American Trade Politics and the Doha Round Can the Twain Meet? - PowerPoint PPT Presentation

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American Trade Politics and the Doha Round Can the Twain Meet? PowerPoint Presentation
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American Trade Politics and the Doha Round Can the Twain Meet?

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  1. American Trade Politics and the Doha RoundCan the Twain Meet? I. M. (Mac) Destler

  2. The Current Situation • Congress just extended TPA (aka fast track) to July 1, 2007. • Essential for completing Doha Round • Unlike 1991, no House or Senate floor vote—so no debate or new mandate • De facto deadline is early 2007 due to consultation requirements.

  3. Current Situation (cont.) • Since Kennedy Round, US deadline has been global deadline. • Is early 2007 realistic? If not, new US legislation required. • Assuming that deadline, what are the prospects?

  4. American Trade Politics:Three Big Changes • Traditional protectionism is weaker. • Social (labor-environment) issues are more prominent. • Partisan rancor has deepened in Congress. • Each is topic of chapter in AMERICAN TRADE POLITICS, 4th edition.

  5. Social Issues: Labor, Environment • Begin with the second, because least important for Doha. • Labor standards not on agenda. • Limited environmental agenda. • Democrats have pressed these issues mainly for Free Trade Agreements (FTAs)

  6. Decline of Protectionism • In 1980s & post-1995, huge trade deficits • In 1980s, textiles, steel, autos, shoes, machine tools, semiconductors • In 1995-2005, just steel • Why? Industries have globalized. • Trade/GDP, 1970-2000, .09.29 • Textiles: quotas to Rules of Origin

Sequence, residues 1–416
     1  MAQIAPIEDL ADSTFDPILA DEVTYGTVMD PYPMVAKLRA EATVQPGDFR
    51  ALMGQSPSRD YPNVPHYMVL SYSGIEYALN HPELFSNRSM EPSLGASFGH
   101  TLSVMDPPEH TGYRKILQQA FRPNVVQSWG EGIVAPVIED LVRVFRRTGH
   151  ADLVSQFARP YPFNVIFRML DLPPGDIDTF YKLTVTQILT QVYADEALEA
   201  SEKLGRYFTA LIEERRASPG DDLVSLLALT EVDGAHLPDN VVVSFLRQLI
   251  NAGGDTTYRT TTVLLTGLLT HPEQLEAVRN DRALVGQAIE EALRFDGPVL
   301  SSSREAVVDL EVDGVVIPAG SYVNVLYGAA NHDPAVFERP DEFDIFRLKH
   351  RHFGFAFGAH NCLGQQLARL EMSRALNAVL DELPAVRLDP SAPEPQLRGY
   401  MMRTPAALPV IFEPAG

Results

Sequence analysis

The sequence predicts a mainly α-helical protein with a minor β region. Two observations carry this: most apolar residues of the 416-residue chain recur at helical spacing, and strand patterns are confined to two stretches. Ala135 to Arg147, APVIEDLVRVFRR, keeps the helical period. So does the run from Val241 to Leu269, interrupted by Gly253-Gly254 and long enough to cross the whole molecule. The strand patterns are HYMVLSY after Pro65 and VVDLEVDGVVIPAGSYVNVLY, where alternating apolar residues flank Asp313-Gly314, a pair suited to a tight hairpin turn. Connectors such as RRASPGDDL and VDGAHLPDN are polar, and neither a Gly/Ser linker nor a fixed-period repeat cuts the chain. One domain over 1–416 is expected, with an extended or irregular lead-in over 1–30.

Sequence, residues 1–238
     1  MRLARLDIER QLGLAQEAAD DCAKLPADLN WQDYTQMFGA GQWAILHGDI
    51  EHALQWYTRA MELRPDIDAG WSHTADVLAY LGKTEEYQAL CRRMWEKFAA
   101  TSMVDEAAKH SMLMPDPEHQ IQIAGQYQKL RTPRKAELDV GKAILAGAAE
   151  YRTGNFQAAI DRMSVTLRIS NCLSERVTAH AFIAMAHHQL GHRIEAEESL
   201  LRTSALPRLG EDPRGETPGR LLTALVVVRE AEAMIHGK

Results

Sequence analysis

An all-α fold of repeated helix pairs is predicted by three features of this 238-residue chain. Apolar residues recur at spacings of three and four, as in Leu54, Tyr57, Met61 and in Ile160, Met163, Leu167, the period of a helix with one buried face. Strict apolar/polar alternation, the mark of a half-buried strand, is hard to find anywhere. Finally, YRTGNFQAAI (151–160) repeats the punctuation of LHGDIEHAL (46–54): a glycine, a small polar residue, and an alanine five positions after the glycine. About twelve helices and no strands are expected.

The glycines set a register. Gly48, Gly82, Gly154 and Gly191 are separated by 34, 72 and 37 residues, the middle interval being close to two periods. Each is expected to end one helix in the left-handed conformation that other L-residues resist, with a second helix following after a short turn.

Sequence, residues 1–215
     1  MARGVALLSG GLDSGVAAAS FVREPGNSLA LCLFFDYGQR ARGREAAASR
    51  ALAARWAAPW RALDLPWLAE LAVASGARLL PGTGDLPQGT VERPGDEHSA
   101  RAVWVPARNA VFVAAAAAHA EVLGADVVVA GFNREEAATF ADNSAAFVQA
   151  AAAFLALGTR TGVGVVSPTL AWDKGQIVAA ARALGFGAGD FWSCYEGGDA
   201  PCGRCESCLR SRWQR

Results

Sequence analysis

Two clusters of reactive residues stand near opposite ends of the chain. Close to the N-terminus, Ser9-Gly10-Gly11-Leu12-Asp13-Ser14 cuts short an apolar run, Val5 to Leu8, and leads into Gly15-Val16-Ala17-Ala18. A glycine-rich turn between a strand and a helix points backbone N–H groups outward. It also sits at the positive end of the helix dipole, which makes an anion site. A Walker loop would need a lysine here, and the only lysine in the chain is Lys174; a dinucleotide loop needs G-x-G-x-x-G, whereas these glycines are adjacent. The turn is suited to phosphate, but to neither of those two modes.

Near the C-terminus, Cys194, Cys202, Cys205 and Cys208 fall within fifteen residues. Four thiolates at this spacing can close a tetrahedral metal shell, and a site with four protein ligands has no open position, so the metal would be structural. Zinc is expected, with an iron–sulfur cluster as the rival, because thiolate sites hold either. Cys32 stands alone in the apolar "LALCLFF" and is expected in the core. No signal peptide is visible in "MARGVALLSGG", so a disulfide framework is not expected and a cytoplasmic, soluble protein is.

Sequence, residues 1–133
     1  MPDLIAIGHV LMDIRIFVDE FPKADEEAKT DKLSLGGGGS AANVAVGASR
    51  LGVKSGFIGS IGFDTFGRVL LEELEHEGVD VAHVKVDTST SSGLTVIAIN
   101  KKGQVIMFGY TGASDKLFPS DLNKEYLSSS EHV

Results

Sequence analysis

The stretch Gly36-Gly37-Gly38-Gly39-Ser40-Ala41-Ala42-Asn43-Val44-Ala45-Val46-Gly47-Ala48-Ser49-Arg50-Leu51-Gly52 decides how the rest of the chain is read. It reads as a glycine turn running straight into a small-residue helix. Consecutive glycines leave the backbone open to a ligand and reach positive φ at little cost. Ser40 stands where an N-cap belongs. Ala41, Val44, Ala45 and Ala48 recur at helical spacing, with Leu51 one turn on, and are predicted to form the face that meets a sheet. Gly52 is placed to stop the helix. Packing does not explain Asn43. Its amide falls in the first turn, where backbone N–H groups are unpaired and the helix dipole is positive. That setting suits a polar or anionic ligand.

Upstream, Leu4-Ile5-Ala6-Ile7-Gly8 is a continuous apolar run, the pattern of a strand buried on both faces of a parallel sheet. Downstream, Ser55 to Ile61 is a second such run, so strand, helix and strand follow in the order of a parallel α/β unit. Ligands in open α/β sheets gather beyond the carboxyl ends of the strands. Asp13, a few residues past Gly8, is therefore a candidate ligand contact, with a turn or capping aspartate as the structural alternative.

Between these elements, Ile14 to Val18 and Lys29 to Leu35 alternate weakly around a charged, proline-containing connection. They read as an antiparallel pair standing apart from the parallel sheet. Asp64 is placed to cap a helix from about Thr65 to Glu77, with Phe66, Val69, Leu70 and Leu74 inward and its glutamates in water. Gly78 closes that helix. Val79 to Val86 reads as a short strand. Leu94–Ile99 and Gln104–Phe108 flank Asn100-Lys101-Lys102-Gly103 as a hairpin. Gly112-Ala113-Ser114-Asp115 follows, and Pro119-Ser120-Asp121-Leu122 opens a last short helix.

7. So Why Not Easy Trade Politics? • Stubborn protected redoubts: sugar, cotton. (sugar and CAFTA) • Some sectors already happy • Others eye resistant emerging markets—Brazil, India—for trade, investment. • Social Issues have eroded support. • But main reason is partisan rancor.

  8. The Partisan Divide • Rank-in-file: no difference. 50% Republicans, 51% Democrats for CAFTA • In Congress, big difference. In Senate, Repubs 43-12, Dems 10-33. In House, barely 10 of 205 Dems in favor. • Reflects broader political structure: reasonable public, polarized elites. • The middle disappears, as does bipartisan communication and collaboration.

  9. The Incredible Shrinking Middle

  10. Partisan Rancor and Trade • On trade, substantive divide not so stark (46 Dems, 39 Repubs anti-WTO) • But process polarized in Ways and Means Committee: majority excludes minority • Result on TPA 2001—Dems oppose, Repubs squeezed: 215-214 vote • If CAFTA wins, same process

  11. Can Doha Break This Pattern? • CAFTA outcome may force change in political strategy. • Historically, global deals easier politics than NAFTA/CAFTA. • Rob Portman, a politician-USTR • BUT must get in order to give: agriculture, NAMA, services.

  12. Best Answer: “New Social Compact” • Full liberalization: $1 trillion plus $500 billion in gains • BIG programs to help globalization’s losers: from $2 to $20 billion • Extend programs to all displaced workers. • Stipends and retraining • Wage insurance • Business tax credits

  13. In Doha Period • Seek most ambitious outcome—expand trade, help emerging economies. • Move toward social compact. • The win-win solution